Today, as you open the tenth door on our Advent Calendar, you are greeted by what appears to be a shining web of polished jewels, connected by glimmering silver chains. A very expensive present! But as you look closer you see that the black background isn't the inside of a velvet box. No, that is space, and those aren't jewels...
It's the connected planets of Slipways!
Matt Cox: I suspect that most humans, in the right context, enjoy organising stuff. That pleasure of hammering order out of chaos, of puzzling out an object's optimum positioning, strikes me as something of a universal. It’s a wonderful way of exerting your influence on the world, of proving you can demonstrate that needful ability to take something and make it better. Slipways is about growing and organising an increasingly interconnected empire of space marbles, and it is glorious.
You start off with a blank slate, the planets that will become your playthings just silhouettes against the void. Each one must be explored, with care taken to catch as many as possible in the pulsating circle of each probe. Probes cost time and money, and you’ll soon be short on both. Probes are a welcome touch of light resistance, some friction before the real thinking begins.
Your goal is simple, really: every planet has certain resources it wants, and certain resources it exports. Your job is to join those planets up in a way that leaves no world in the lurch, while avoiding painting yourself into a cosmic corner - because once you’ve connected two planets with a slipway, nothing short of ultra-late game tech will let you cross that line.
It’s all about getting the most out of what you have and what’s on offer, carving order and profit from a self-woven web of tensions. If you leave a planet without imports, its denizens will drag your empire down into score-sapping unhappiness, or even into a game over screen. If you expand too quickly without a healthy core of interplanetary trade, you’ll go broke. If you ignore the tasks set by the space council (colonise different types of planets, establish specific trade routes, produce half a dozen robots), you’ll squander valuable rewards that can springboard you into further success. And if you don’t take the time to pursue the all important tech tree, you’ll never get the chance to flourish before 25 years have passed and your reign abruptly ends.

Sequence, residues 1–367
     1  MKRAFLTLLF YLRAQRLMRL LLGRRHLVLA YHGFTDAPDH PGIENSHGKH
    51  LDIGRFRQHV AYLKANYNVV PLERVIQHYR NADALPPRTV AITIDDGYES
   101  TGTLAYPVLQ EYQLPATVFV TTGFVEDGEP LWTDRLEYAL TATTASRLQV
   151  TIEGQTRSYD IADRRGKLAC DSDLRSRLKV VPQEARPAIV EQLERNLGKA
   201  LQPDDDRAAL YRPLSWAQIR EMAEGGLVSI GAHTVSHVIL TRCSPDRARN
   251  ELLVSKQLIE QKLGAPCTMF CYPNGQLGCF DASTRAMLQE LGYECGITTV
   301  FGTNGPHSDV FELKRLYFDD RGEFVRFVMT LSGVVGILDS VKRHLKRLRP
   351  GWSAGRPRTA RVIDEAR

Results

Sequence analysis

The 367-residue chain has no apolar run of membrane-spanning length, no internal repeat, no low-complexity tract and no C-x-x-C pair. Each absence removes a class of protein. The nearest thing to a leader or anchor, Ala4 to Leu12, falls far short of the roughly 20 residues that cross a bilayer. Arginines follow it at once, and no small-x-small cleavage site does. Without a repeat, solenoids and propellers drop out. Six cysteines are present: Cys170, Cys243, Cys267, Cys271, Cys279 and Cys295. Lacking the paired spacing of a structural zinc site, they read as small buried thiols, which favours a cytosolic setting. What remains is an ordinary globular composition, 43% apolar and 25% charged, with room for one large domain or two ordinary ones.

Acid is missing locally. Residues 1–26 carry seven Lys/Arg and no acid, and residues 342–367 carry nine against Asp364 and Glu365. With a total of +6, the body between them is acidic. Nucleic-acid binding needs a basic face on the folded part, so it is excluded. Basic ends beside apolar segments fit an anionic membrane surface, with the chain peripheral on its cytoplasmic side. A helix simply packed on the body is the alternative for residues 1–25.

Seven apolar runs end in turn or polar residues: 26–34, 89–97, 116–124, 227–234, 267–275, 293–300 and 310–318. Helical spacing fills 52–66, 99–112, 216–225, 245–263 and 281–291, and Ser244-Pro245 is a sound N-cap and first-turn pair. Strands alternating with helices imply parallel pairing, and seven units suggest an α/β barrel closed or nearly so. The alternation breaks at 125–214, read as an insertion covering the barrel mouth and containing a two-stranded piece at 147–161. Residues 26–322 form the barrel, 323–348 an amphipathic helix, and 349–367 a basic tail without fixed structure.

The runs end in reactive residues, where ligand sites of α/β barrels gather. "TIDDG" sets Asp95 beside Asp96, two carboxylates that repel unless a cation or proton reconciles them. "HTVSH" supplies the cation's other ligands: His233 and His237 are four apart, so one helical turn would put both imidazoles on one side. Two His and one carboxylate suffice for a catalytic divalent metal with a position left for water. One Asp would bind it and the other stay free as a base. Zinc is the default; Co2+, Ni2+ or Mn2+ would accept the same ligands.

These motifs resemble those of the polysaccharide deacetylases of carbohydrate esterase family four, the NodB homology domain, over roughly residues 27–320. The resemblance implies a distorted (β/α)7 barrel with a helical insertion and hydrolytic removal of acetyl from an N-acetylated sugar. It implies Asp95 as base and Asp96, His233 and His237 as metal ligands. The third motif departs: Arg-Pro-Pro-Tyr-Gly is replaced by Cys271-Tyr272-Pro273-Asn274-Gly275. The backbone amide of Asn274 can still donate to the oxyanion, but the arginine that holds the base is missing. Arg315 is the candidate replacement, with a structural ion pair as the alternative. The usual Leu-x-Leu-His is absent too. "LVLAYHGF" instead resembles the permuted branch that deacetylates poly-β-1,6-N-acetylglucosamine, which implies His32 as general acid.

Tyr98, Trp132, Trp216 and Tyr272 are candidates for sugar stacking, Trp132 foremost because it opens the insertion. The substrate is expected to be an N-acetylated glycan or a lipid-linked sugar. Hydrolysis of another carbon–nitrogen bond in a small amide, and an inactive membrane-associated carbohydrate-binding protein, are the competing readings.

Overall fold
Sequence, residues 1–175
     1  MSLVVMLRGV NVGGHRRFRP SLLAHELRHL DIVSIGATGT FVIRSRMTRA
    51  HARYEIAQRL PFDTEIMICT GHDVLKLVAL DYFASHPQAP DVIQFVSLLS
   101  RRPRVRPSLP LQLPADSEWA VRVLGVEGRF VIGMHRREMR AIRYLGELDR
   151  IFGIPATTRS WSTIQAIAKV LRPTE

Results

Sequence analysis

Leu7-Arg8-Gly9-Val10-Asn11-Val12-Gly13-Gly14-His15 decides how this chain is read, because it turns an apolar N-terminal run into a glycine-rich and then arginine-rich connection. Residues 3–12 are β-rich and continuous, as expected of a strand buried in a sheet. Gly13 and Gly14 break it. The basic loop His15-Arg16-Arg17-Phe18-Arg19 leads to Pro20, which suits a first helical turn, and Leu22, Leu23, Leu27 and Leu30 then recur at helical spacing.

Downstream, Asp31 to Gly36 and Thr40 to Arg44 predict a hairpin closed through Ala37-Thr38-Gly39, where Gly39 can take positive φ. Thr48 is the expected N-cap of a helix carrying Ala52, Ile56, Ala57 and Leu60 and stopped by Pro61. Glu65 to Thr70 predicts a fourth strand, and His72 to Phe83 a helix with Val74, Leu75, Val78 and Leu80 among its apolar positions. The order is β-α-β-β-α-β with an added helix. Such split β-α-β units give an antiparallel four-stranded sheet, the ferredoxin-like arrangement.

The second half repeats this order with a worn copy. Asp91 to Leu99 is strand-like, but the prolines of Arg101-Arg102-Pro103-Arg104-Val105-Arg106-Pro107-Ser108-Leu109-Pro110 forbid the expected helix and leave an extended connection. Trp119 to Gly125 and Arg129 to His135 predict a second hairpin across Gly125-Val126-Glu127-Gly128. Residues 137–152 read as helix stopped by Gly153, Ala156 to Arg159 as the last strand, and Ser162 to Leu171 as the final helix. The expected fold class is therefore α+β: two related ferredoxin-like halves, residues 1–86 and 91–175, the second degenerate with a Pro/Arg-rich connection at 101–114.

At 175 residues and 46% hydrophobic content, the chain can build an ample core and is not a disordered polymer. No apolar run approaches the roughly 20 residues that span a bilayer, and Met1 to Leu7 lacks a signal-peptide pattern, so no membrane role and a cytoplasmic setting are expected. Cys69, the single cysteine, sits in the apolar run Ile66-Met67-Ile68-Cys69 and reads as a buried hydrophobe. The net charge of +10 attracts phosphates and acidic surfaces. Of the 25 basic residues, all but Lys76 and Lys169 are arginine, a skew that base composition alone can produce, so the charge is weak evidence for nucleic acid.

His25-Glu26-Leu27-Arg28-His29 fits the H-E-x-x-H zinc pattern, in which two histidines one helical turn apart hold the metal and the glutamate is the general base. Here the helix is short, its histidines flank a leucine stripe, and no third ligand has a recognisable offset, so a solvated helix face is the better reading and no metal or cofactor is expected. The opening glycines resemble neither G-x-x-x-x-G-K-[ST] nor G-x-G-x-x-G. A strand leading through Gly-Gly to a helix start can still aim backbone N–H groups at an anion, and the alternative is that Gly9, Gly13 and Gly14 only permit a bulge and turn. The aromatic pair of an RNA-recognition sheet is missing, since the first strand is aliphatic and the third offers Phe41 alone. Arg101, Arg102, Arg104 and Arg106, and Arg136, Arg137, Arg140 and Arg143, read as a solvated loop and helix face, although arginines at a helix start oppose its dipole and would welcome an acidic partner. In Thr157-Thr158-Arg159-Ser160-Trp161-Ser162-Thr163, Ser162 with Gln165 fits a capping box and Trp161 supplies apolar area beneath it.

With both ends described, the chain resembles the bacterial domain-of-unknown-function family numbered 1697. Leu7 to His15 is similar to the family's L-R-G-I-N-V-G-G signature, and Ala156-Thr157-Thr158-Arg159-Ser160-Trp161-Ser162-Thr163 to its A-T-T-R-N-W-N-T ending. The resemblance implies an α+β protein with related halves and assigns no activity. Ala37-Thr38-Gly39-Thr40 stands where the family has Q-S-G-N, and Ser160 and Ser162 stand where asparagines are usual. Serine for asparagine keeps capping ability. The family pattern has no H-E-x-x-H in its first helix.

That time limitation is important, because it prevents the game from bogging itself down. Each run takes between 45 minutes to three hours, depending on how much you enjoy extended marble mulling. I like to hover over every decision cluster for a good while, testing out different possibilities using the exemplary and forgiving UI that lets you reverse unwise decisions - as long as you haven’t uncovered any new information. Then, once I’m satisfied I’ve found not just a good solution but the right one, I’ll pounce.
Plopping down a final slipway, one that makes your empire burst into bountiful, platinum-tier planets along a chain reaction of contentment, is one of the most satisfying accomplishments in videogames. It’s like watching one of those videos full of things fitting perfectly into other things, or finding a fiddly checkmate. It is better than doing a Tetris, even an artfully engineered one with a saved-up long bit. I implore you to go ponder some orbs.
Ollie: Slipways is incredibly elegant. Not just in its presentation but in the organic problems and solutions that arise as you expand your interplanetary empire. So many times throughout my various hour-long playthroughs, I've felt like I've slipwayed myself into a corner. I'd look at my tangled web of planets and their desperate cries for more water or bots or biomass, and I'd wonder at how in the world things went downhill so quickly, and how I could possibly prevent the total collapse of my once-promising economy.
But in almost every case, the solution would start to present itself over the next few clicks. I'd send out a probe that would reveal a nearby planet with exactly the right set of imports and exports to resolve the crisis, or I'd research a technology that allowed me to demolish the useless planet that had been blocking that all-important slipway path between two far more important worlds. Slipways frequently tiptoes towards the line between challenge and frustration but never actually steps over. The solution may not always be in view right away, but rarely will there not be one waiting for you in a few turns' time.